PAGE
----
Wednesday, November 24, 2021

Just Me

 Quilt #16 in my Through Ellyn's Eyes series is pretty simple to explain.... It's simply my initials, EHZ, in a bold, graphic design. I drew it up on graph paper first, then set to piecing.  It came together pretty quickly. The only tricky part was getting the half square triangles in the angle of the Z to line up properly. Yes, there was a seam ripper involved. But the end result was worth it.

This quilt was made with Kona black, red, chartreuse and capri. It was quilted on my domestic machine with a walking foot and big stitch hand bound in red.

It isn't lost on me that my 6 month project is quickly coming to the end. I will continue working on this series until the end of the year... which is SOON! I will miss it when I finish but I've learned so much doing it. I can't wait to share my revelations with you. I'm also putting together a guild lecture all about it. I hope some of you will invite me to share what I've learned with your guilds. 

Friday, November 19, 2021

A Collaboration with Sarah

 Several months ago, when Sarah Goer and I began our Zoom calls based on In Tandem Art (read more about that here) we decided to issue each other a challenge. We each chose a photo from our archives, sent our photo to the other, and then made mini quilts inspired by the photos. It was great fun and a good way to kick off our stint as pArtners. In case you are wondering, yes, we are still meeting over zoom every 2 weeks, holding each other accountable, inspiring each other and occasionally solving world problems (I wish!).

The photo I sent to Sarah is this one.....

During the strict quarantine times of Covid, hubby and I would go driving around our area (north Texas) and explore buildings in small towns we'd never seen before. I love the colors and architectural details of this building. 

Sarah created a wonderful minimalist mini inspired by my photo. 

Sarah's quilt measures 9"x7"

I love that it captures both of the things I loved about the building. 

Sarah sent me this photo of a door at the Rock of Cashel in Ireland...

I was intrigued by the angles created by the molding on the door. Also the neutral color palette, which is not my norm at all. I loved the green creeping into the aging stone and wood. Here is the quilt I created...

my quilt measures 13"x13 1/2"
I used all prints (another unusual choice for me!) and fabric from my stash. 

This was a fun challenge and a great way to collaborate and learn more about each other. I highly recommend you find a quilty pArtner and try something similar.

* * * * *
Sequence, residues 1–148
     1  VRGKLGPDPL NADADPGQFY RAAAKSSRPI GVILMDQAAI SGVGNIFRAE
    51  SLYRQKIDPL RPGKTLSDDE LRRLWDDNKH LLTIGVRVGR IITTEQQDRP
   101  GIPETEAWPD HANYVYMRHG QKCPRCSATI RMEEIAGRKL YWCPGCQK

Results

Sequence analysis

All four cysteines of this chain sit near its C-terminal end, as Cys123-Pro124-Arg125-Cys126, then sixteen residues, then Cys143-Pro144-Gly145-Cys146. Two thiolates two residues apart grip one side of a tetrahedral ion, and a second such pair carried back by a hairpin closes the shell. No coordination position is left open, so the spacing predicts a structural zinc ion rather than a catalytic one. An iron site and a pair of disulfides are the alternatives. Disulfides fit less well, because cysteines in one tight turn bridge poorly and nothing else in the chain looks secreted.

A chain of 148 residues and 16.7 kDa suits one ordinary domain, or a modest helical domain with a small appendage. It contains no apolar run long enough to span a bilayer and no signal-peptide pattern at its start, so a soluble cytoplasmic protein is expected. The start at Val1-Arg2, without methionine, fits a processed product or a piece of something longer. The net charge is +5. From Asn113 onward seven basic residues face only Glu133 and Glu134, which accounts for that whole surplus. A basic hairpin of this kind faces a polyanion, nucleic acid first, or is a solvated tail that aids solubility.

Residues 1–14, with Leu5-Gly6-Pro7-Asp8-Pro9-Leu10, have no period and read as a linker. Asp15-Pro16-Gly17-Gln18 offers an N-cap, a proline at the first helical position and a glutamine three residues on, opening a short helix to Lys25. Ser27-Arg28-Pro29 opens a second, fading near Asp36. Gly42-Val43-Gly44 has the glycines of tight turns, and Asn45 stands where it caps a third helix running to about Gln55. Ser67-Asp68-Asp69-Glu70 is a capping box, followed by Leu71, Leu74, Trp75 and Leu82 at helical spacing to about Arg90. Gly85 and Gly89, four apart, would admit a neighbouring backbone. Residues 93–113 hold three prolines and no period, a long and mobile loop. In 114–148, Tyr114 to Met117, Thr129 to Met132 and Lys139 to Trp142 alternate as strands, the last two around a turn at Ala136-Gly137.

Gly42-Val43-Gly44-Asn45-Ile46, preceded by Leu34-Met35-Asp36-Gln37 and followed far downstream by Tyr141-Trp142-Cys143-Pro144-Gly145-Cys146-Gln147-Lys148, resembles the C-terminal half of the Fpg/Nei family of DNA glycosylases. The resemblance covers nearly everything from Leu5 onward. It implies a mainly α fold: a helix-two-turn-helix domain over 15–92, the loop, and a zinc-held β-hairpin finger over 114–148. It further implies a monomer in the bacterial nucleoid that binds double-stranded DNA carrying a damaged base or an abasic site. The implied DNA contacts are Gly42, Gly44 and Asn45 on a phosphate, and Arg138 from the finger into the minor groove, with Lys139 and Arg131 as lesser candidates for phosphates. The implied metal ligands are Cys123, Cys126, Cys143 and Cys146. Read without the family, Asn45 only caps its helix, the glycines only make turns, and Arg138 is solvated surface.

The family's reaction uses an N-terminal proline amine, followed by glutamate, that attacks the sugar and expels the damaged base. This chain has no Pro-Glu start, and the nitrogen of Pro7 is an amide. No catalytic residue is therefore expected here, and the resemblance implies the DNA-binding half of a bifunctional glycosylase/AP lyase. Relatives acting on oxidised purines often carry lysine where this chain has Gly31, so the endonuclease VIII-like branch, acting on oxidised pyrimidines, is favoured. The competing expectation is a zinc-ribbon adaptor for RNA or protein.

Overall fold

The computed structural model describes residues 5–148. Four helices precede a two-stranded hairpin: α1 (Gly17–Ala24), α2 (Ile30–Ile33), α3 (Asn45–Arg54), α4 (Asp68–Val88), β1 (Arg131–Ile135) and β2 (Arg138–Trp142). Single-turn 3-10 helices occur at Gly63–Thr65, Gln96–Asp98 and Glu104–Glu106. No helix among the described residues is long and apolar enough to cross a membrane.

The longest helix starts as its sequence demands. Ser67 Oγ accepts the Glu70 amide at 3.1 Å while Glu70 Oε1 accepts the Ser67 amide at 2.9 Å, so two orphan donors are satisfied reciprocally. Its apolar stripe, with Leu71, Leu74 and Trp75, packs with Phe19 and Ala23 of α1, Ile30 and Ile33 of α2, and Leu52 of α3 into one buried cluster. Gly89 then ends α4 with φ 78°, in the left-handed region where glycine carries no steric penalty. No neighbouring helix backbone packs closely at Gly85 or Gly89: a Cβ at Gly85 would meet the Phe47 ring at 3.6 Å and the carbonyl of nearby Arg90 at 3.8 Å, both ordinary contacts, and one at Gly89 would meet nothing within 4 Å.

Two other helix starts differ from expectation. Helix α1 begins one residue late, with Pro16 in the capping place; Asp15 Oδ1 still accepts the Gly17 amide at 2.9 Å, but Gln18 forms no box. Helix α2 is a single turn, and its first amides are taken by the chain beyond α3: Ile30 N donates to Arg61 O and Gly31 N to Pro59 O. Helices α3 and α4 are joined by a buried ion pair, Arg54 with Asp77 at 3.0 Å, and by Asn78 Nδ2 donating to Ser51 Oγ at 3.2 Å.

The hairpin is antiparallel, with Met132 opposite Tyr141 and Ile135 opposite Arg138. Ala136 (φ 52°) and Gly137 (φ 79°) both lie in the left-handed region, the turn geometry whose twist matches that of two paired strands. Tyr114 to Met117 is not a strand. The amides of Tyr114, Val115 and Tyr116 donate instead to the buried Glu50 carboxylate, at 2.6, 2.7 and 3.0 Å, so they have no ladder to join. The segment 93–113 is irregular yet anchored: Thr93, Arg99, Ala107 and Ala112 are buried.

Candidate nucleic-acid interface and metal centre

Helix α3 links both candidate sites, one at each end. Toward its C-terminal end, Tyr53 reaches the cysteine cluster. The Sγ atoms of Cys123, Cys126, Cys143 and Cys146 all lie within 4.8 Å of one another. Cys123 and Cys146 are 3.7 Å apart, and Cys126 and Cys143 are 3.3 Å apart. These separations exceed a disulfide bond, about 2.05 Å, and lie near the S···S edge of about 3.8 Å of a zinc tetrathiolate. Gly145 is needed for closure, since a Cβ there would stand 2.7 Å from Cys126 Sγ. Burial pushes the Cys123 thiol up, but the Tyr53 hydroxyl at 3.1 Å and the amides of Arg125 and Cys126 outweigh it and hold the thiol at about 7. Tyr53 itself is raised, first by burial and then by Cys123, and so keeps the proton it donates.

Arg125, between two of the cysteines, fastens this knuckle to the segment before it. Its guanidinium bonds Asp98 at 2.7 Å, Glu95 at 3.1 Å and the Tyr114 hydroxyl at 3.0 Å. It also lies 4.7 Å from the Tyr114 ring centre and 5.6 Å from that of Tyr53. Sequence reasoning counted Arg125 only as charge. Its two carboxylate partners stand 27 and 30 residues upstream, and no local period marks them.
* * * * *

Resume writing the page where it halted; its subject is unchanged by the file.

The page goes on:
To read more about this project, check out Sarah's blog.

Sunday, November 14, 2021

Funky Dresden Revisited

For the fifteenth quilt in my Through Ellyn's Eyes series, I decided to revisit and old favorite technique of mine, the funky dresden. I've made many variations of this wonky dresden over the years but never combined lots of them into one quilt like this! I must say it was great fun and I rather love the ending result.

For this quilt I used Kona Black, Corn Yellow, Chartreuse and Capri. The finished quilt is 33x44, the biggest quilt in my series so far and, for that matter, the biggest quilt I have quilted with my walking foot on my domestic machine! I quilted it in a simple diamond pattern and bound it with a big stitch on the front. I'm really loving binding wall quilts this way.
I use a size 8 pearl cotton and a chenille needle (size 22 or 24) when I big stitch. I also find the green needle threader below to be a valuable tool when working with pearl cotton. It's made by Clover and it is so sturdy! 
As usual, I couldn't resist throwing in a couple of cross stitches along the way...

So, fifteen quilts done and about six weeks to go!


Wednesday, November 10, 2021

Welcome to my Neighborhood

The more I play with buildings in quilts the more fun I have! This one is the 14th quilt in my Through Ellyn's Eyes series and I had so much fun creating this little rainbow neighborhood...
I especially love the way the slant black roofs look on this one. I think I'll probably be moving into the yellow house.... I like the big window!  You?

 This one measures 16"x18" and I walking foot quilted it on my domestic machine. The colors I used are Kona black, red, tangerine, corn yellow, chartreuse, glacier and capri.

Wednesday, November 3, 2021

Quiltcon fabric challenge - Tumbling Triangles

 I'll be honest, I haven't participated in the Modern Quilt Guild's fabric challenges in recent years. Often the fabrics they use just don't speak to me. This year was a different story. When I saw the Wyndham Artisan Cottons they were offering up I hurried to sign up. In addition to the fat eighth bundle I received from the MQG, I ordered 2 yards of one of the "neutrals" allowed, the black gray. I had no plan. So, I started making an assortment of triangle blocks, using the neutral as the background.